Introducing the Gizmag Store

Ototo turns everyday objects into musical instruments

By

November 3, 2013

Ototo turns everyday objects into musical instruments

Ototo turns everyday objects into musical instruments

Image Gallery (4 images)

London-based creative design and invention studio Dentaku has developed a small device that allows users to create their own musical instruments out of everyday items. The Ototo is a simple printed circuit board (PCB) synthesizer that combines sensors, inputs and touchpads as a means of producing sounds. The device can be used as a keyboard straight out of the box or can be attached to conductive materials using crocodile clips to create entirely new instruments.

The sounds produced by the Ototo can be manipulated by connecting electronic modules to its sensors. By way of example, Dentaku suggests that it can be used to create a "light theremin" that uses a light sensor to control the pitch of the sound. Other suggestions include making an electric drum kit out of saucepans or origami that “sings when touched.”

Powered by two AA batteries or via micro USB, the Otato is compatible with the Arduino platform so can also be married up to other components to make more ambitious musical creations. As well as an on-board speaker, it has a 3.5 mm audio output, so it can be easily connected to other audio output devices. The studio says that no coding or soldering expertize is required to create a custom instrument and it is currently working to make the device "available for everyone" with a commercial release in the near future.

"We wanted to create a kit that makes physical computing and interactive projects accessible for everyone," says Yuri Suzuki, co-founder of Dentaku. "Getting into coding and understanding electronics can be a barrier for creativity; Ototo allows anyone to build amazing electronic sound projects with minimal knowledge."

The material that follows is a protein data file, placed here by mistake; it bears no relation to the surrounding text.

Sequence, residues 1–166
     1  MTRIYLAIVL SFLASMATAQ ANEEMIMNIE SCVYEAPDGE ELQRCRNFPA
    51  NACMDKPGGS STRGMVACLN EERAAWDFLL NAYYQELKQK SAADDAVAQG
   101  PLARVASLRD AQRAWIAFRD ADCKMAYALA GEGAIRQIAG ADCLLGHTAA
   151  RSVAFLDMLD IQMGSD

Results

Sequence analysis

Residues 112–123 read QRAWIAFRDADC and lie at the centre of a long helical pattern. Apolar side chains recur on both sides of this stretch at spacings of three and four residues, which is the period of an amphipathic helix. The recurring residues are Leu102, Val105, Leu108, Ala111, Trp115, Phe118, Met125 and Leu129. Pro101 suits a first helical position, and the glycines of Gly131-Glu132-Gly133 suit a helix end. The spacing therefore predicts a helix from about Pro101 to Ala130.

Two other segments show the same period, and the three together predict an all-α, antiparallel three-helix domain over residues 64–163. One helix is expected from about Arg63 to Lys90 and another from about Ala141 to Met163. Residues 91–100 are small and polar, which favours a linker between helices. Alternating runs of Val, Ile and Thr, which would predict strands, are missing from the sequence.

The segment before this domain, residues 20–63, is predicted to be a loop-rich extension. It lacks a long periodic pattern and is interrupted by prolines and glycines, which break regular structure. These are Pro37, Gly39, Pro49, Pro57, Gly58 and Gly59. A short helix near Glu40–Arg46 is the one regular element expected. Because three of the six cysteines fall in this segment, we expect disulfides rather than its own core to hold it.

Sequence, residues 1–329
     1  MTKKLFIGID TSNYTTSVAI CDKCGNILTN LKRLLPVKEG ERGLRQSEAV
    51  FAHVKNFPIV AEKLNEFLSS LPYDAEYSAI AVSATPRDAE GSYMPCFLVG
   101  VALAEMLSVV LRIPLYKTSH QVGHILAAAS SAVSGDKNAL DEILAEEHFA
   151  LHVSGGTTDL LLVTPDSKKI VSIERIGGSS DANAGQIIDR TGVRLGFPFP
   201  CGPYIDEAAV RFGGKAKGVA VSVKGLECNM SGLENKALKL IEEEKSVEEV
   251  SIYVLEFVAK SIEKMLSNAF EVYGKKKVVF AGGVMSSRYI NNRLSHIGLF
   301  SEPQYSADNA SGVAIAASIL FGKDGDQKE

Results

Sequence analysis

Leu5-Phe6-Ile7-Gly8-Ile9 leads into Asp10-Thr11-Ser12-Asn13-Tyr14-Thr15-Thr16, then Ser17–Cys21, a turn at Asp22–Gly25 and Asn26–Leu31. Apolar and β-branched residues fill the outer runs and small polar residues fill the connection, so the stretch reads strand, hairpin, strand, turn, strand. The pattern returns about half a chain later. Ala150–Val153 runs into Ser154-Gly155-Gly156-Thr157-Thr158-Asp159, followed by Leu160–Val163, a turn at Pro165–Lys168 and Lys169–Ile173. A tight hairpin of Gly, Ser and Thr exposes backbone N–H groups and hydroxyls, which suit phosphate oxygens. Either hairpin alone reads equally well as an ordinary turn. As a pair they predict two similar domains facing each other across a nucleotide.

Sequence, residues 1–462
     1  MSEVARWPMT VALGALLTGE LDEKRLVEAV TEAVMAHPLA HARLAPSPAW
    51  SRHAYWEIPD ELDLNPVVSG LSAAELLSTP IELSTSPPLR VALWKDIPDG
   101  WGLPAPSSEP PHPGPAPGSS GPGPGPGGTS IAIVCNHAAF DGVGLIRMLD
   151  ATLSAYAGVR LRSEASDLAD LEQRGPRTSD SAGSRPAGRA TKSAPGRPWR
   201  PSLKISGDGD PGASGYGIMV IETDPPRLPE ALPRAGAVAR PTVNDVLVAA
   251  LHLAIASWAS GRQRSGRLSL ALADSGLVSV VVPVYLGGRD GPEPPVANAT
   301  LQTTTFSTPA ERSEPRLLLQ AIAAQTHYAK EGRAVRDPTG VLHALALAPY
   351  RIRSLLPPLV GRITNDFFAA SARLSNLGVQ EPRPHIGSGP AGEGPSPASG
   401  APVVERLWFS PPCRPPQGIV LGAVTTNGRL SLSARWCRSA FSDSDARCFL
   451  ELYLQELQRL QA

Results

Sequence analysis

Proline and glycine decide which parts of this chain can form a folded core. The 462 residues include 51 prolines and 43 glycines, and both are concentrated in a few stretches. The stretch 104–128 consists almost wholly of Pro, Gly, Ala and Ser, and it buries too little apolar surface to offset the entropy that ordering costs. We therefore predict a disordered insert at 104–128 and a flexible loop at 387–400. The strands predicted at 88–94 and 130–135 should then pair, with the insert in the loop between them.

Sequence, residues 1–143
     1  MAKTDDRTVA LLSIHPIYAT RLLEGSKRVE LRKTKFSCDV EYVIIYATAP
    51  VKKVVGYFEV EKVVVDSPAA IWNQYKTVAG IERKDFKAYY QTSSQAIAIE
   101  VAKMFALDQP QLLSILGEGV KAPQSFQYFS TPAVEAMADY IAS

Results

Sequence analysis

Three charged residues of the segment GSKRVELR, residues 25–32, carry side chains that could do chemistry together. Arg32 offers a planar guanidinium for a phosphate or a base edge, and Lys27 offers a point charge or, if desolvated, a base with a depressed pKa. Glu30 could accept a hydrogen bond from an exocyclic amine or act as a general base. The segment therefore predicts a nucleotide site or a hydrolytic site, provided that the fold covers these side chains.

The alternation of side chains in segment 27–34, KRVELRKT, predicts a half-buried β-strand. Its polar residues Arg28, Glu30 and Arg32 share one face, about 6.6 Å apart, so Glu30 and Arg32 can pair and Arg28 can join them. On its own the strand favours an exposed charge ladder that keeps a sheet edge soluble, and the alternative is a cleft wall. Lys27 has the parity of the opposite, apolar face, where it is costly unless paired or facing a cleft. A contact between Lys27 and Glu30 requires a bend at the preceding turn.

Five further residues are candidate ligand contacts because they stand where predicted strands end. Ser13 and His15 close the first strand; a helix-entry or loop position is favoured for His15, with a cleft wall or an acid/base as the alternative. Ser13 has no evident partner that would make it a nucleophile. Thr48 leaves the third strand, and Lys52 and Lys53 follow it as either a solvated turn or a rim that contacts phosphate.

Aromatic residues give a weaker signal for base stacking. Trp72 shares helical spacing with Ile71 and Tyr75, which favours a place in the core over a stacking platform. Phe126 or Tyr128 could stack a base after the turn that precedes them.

The Ototo is reminiscent of other experiments in sound production, like the BeetBox that turns root vegetables into musical instruments, and Makey Makey, which also makes everyday objects touch sensitive to allow for the creation of such devices as a banana piano.

The below video shows the creators of Ototo discussing the device.

Source: Dentaku

About the Author
Stu Robarts Stu is a tech writer based in Liverpool, UK. He has previously worked on global digital estate management at Amaze and headed up digital strategy for FACT (Foundation for Art and Creative Technology). He likes cups of tea, bacon sandwiches and RSS feeds.   All articles by Stu Robarts
Tags
Post a Comment

Login with your gizmag account:

Or Login with Facebook:


Related Articles

Just enter your friends and your email address into the form below

For multiple addresses, separate each with a comma




Privacy is safe with us because we have a strict privacy policy.

Looking for something? Search our 26,553 articles